The cases against Upper Allegheny Health and Tenet Healthcare were brought by whistleblowers. Under the federal False Claims Act, whistleblowers who bring these cases are entitled to between 15% and 30% of whatever the government collects from the wrongdoer. We anticipate the whistleblower in the UAHS case will receive approximately $540,000.00.
Because Medicaid is funded both by the federal government and the states, a second reward is often available from the state. In this case, New York is one of 29 states and the District of Columbia that also pays rewards.
To qualify for a reward, one needs inside or “original source” information about the fraud. Billing clerks, doctors and other medical professionals are ideally suited to earn a reward (and help stamp out greed and fraud). The whistleblower reward provisions are an essential element of the False Claims Acts and have enabled them to become what one Justice Department official referred to as “the most powerful tool the American people have to protect the government from fraud.”
Tenet Healthcare Whistleblower Claims
No discussion of the Detroit Medical Center would be complete without a special mention of its parent, Tenet Healthcare. Tenet has an inglorious reputation for healthcare fraud. The company has paid hundreds of millions of dollars in fines and penalties tied to the federal False Claims Act, a Civil War era fraud recovery statute.
In 2016 Tenet Healthcare paid $514 million to settle civil and criminal fraud charges brought under the False Claims Act and federal Anti-Kickback Statute. (The whistleblower in that case will be receiving $84 million.)
That Tenet is a “frequent flyer” in the Medicare fraud world is indisputable. The bigger question is why? Our answer? Profits before patients.
The Tenet Healthcare website says the company is a “leading healthcare services company working across the system to improve service delivery and patient outcomes.” Things are so bad at DMC, however, that CMS says there is the potential for “unsatisfactory patient outcomes”. That is regulatory speak for infections, longer recovery periods and even death.
Tenet Healthcare is a for profit company. It exists to pay dividends and make money for its shareholders. There is nothing wrong with for profit institutions, most people in the United States work hard in the hopes of making more money. When a healthcare company becomes too focused on profits, however, patients suffer.
Under the federal False Claims Act, whistleblowers can receive up to 30% of what the government receives from wrongdoers. Because the False Claims Act is an anti-fraud law, to claim an award one must do more than show mere negligence or sloppiness. In the case of DMC and Tenet, investigators have been on the hospital’s case for months regarding unsanitary conditions. The hospital’s own employee charged with cleaning up the mess reported directly to Tenet in April of 2015 about conditions. At some point, what may have been a simple lapse in housekeeping became fraud.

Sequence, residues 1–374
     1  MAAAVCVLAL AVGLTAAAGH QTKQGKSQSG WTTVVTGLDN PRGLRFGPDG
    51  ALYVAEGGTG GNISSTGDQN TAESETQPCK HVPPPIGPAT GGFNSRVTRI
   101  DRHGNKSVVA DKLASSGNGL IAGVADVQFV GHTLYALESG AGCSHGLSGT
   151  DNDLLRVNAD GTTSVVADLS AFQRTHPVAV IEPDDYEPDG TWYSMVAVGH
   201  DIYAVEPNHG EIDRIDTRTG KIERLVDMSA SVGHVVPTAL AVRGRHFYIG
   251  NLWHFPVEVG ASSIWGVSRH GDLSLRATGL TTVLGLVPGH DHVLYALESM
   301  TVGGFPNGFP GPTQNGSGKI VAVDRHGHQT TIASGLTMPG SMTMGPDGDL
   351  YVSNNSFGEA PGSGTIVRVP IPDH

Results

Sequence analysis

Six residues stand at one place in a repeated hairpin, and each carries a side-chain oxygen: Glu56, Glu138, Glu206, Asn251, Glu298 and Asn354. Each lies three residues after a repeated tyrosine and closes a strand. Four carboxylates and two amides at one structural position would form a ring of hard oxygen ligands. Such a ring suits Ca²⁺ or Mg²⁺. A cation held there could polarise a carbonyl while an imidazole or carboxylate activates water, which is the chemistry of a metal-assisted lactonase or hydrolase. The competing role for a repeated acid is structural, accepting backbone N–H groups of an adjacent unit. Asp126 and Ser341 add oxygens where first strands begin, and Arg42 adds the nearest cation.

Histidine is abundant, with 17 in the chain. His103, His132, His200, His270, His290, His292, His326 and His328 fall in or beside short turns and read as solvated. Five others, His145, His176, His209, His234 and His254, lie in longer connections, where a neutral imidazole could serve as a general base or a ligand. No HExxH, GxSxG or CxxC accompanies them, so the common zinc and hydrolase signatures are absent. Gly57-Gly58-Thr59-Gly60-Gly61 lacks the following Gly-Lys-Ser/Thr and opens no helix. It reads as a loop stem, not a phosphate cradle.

Why do we say fraud? Because each time a hospital sends a bill to Medicare, it certifies that it is in compliance with all Medicare and Medicaid rules. Putting dirty surgical gloves back in the box or using non sterile surgical instruments is certainly not in compliance with rules. Once you certify that you are in compliance and know that you are lying, that is a fraud.
Do You Have Information About Non Sterile Medical Devices?
If you have inside information of healthcare providers using non sterile (unsterile) medical devices or any other type of Medicare or Medicaid fraud, contact us. By doing so, you join the growing number of healthcare professionals committed to quality patient care and against greed and corruption. Our team of whistleblower lawyers will help you stop the fraud, protect you from illegal retaliation and help secure the largest award possible.
We began this story by noting that the recent CMS surprise inspection was the result of a complaint. Most whistleblowers are content to call the 800 fraud hotline number provided by CMS. Doing so can earn you an award of up to $1000. To get the large percentage awards, you must file a sealed complaint in federal court. That is where we get involved.
If you are looking to receive an award and want to insure your complaint is investigated, the best way is to not call the hotline but instead file a False Claims Act complaint. While the complaint is being investigated, it remains under seal meaning secret. Sometimes we can further protect whistleblower identities through special filing techniques.
Want to learn more? First, visit our Medicare Fraud Whistleblower information page. Ready to see if you qualify for a reward? Contact us online, by email firstname.lastname@example.org or by phone 202-800-9791. All inquiries are protected by the attorney client privilege.
MahanyLaw – America’s False Claims Act / Qui Tam Lawyers
[For more information on Tenet, visit our main Tenet Healthcare fraud page.]
New DMC post added October 2018. Looking for DMC Whistleblowers. Post examines new allegations of poor patient care and retaliation against four physicians who tried to speak up.]